Photo: EROAD
Policies covering personal conveyance, managing yard moves and editing HOS logs should be created during the transition to ELDs from AOBRDs.

As fleets transition to ELDs, malfunctions, personal conveyance come into focus

Oct. 8, 2019
The December deadline to phase out AOBRDs comes with 'collateral consequences.'

SAN DIEGO - There is less concern today than just a few months ago about how many fleets have yet to start the transition to electronic logging devices (ELDs), according to Jim Mullen, chief counsel of the Federal Motor Carrier Safety Administration.

Fleets that have been using automatic onboard recording devices (AOBRDs) have until Dec. 16 to switch. As they shift to full time ELD use, “we understand there are nuances the industry has not encountered yet,” said Mullen.

Speaking at American Trucking Associations’ Management Conference & Exhibition, Mullen labeled these nuances as “collateral consequences” that often impact back office personnel at least as much as drivers.

That has generally been the case for Transport America, said Lisa Gonnerman, vice president of safety.

She said malfunctions are the “No. 1 biggest challenge” with ELDs. The company has previously experienced as many as 1,300 malfunctions in a single week. The majority rectify themselves in within 24 hours, and only about 2% of these issues affect a driver’s hours of service, Gonnerman said. 

Many of the malfunctions involve the ELD losing connection with the engine control module (ECM) for more than five seconds. If that rule was extended to 60 seconds, it would cut into the number of incidents, Gonnerman said.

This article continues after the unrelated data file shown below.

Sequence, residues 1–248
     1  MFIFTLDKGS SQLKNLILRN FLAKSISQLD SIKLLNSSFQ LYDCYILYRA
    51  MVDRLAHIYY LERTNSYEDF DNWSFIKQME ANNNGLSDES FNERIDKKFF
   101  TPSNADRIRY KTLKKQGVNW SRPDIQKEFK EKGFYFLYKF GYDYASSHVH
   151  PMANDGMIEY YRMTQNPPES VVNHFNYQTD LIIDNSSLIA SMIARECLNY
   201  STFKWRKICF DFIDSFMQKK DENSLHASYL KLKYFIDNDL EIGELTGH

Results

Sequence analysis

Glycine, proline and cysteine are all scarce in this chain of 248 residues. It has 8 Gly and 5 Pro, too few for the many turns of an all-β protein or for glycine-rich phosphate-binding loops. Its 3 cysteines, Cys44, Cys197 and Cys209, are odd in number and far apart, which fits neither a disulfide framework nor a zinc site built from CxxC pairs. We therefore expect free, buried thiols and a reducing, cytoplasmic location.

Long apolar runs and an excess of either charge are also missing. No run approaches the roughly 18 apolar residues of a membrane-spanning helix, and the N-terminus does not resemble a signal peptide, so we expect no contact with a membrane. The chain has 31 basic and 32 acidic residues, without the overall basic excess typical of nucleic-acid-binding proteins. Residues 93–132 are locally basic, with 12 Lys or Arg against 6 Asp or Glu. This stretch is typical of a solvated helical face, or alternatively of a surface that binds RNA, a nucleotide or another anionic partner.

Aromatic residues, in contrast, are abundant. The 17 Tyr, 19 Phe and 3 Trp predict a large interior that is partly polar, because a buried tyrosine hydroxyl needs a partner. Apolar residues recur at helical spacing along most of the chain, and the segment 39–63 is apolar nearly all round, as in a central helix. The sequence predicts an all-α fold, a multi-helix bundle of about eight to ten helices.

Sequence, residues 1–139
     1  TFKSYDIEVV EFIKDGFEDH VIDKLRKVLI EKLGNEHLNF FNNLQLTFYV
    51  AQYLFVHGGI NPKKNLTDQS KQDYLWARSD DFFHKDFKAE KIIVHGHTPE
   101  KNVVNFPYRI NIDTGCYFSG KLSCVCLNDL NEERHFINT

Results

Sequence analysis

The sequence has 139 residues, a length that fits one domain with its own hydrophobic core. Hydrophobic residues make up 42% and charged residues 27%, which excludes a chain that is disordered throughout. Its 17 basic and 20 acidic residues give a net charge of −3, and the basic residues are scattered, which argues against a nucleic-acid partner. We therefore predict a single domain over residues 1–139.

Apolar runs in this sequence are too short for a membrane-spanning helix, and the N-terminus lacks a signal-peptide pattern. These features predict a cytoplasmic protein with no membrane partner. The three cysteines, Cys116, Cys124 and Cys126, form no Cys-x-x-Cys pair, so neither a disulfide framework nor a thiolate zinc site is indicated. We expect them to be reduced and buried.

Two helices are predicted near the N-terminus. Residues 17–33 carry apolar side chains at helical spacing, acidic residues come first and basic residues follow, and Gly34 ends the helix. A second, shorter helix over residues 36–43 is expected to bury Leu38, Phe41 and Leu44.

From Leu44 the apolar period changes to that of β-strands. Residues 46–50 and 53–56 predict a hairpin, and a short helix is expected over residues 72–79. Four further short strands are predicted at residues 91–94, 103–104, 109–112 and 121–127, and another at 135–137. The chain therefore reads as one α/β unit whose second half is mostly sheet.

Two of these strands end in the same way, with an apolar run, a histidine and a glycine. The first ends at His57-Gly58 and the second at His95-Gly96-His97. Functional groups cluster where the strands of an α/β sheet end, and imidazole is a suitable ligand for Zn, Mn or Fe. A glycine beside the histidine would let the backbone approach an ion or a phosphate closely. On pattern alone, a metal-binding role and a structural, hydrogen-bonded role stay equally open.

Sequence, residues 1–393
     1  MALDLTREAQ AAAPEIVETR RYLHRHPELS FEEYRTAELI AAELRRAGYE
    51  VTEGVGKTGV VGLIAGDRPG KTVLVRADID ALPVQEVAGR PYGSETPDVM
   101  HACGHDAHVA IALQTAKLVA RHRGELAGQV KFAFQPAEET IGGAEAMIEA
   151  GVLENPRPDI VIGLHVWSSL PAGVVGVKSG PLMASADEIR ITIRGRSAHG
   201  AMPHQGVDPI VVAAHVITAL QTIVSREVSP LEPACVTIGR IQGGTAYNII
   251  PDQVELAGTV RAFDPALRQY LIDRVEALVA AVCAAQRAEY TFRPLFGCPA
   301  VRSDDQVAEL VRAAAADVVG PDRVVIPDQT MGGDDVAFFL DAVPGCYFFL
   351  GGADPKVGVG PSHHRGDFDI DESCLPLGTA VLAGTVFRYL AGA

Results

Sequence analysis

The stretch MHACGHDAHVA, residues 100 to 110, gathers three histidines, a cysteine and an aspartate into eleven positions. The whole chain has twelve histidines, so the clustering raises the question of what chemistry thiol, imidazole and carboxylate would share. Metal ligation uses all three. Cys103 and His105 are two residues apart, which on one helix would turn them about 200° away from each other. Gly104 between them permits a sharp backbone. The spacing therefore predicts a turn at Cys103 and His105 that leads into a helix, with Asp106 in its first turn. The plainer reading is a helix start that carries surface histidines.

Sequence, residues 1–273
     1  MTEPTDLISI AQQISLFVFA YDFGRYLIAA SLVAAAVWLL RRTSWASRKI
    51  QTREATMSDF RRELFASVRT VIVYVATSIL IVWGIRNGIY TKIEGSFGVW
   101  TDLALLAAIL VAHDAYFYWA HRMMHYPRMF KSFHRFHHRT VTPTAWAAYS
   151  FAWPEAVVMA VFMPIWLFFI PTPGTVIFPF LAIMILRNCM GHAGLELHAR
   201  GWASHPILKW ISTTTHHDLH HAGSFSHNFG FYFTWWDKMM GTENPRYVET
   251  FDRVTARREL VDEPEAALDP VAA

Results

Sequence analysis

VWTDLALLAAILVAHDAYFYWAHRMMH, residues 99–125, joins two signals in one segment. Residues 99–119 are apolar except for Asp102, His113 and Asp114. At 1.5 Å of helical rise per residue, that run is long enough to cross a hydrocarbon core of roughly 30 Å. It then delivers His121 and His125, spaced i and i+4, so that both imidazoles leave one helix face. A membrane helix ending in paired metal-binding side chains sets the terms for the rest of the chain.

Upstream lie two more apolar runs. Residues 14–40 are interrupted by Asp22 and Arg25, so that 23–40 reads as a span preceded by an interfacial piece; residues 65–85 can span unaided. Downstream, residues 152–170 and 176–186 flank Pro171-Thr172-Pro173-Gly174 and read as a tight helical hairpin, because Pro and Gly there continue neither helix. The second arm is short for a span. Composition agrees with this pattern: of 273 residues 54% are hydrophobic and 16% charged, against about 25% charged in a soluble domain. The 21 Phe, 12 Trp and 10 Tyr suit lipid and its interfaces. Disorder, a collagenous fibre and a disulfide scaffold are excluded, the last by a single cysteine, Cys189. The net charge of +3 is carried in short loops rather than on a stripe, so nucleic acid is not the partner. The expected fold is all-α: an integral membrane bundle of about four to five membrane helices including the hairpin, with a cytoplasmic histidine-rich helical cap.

EROAD is not Transport America's ELD vendor. But in the ATA exhibit hall, Norm Ellis, president of EROAD, explained to Fleet Owner there are several factors that could trigger a malfunction. 

Any ELD using Bluetooth will malfunction in the event of a disruption in the connection. (EROAD uses a hardwire connection.)

A malfunction can also be created if a GPS signal drops due to cloud cover or tall buildings in urban areas. Likewise, an ELD accidentally disconnecting from the ECM would cause a malfunction. 

Ellis, like Gonnerman, stressed the need for methodical training to help more quickly navigate what FMCSA's Mullen called “collateral consequences.”

In Transport America’s case, planning for the transition to 100% use of ELDs began early in 2019. A pilot group of drivers got involved in June, and nearly all drivers and back office personnel had received training by early October.

The ELD switch has required the creation of companywide policies on personal conveyance, managing yard moves and editing HOS logs. Gonnerman noted Transport America does allow limited personal conveyance for drivers.

Mullen said it is unlikely FMCSA will to provide specific guidance on personal conveyance in the near term, which is even more reason fleets should set their own policies. When looking at the industry as a whole, it can be tricky to set a single policy, especially when considering that some owner-operators use their truck for personal use, he said. 

About the Author

Neil Abt

Neil Abt, editorial director at Fleet Owner, is a veteran journalist with over 20 years of reporting experience, including 15 years spent covering the trucking industry. A graduate of American University in Washington, D.C., he began his career covering sports for The Washington Post newspaper, followed by a position in the newsroom of America Online (AOL) and then both reporting and leadership roles at Transport Topics. Abt is based out of Portland, Oregon.

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